India, China tie for top place in Forbes Asia’s Fab 50By Arun Kumar, IANS
Thursday, September 16, 2010
WASHINGTON - India and China have tied for top place on 2010 Forbes Asia’s Fab 50 List with 16 firms each.
India had 16 entries on the annual roster of the best 50 big-capitalisation and profitable companies in the region list, compared with 13 last year and only three when the inaugural Fab 50 List was published in 2005. A lot of Indian companies displayed staying power with 11 firms returning to the list.
Perennial top performer Infosys Technologies joins the roster for the sixth straight year. Making their appearance for the fifth consecutive time are Bharat Heavy Electricals, HDFC Bank and Larsen & Toubro. Other Indian returnees include ITC and Axis Bank.
China, which has topped the list since 2008, held steady with 16 entries, unchanged from last year. Of these, 10 firms are returnees including Lenovo Group. The company commands the biggest share of the PC market in China, and makes the list for the fourth time after dropping out last year.
Indian firms on the list are: Adani Enterprises, Axis Bank, Bharat Heavy Electricals, Dr. Reddy’s Laboratories, HCL Technologies, HDFC Bank, Hindalco Industries, Infosys Technologies, ITC, Jindal Steel & Power, JSW Steel, Kotak Mahindra Bank, Larsen & Toubro, Mahindra & Mahindra, Sterlite Industries and Tata Consultancy Services.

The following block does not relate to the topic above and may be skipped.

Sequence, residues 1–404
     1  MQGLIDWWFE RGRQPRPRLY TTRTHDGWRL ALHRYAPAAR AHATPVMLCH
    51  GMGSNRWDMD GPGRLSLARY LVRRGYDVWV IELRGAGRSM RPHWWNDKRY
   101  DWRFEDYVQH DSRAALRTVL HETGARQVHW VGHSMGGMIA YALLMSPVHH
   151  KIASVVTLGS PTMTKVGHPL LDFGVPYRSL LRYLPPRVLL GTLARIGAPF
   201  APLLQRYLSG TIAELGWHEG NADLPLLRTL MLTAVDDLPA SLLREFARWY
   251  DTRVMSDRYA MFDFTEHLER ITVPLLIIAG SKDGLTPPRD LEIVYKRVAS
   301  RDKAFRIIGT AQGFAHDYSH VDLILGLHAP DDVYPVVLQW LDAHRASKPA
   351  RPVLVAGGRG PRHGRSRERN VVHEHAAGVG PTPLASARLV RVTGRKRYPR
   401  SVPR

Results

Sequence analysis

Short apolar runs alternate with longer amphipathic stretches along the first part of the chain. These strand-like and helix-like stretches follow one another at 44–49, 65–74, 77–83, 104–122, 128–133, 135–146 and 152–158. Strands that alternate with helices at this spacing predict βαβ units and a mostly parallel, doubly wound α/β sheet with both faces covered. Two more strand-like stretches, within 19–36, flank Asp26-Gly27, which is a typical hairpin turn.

The Fab 50 List appears in the latest issue of Forbes Asia. The 50 firms were picked from a shortlist of 936 that had revenues or market capitalisation of at least $3 billion as of Sep 1, and a 5-year record for revenue, operating earnings and return on capital. Other criteria included recent financial result, share price movement and outlook.
This year, Hong Kong and Taiwan tied for third place with four companies each. Hong Kong’s Li & Fung is the other firm apart from Infosys that has made the Fab 50 in all 6 years since the list began. Taiwan’s Acer, the world’s number 2 PC maker, has made the list every year except in 2006.
Coming in fifth is South Korea with three entries: Glovis, NHN and Samsung Engineering. Following behind are Australia and Japan with two entries each while Indonesia, Singapore and Thailand rounded off the list with one entry each.
The number of Japanese firms making the cut has declined over the years since the list started in 2005. Japan topped the inaugural list with 13 firms but since then its entries have dwindled along with the country’s economic stagnation.
(Arun Kumar can be contacted at email@example.com)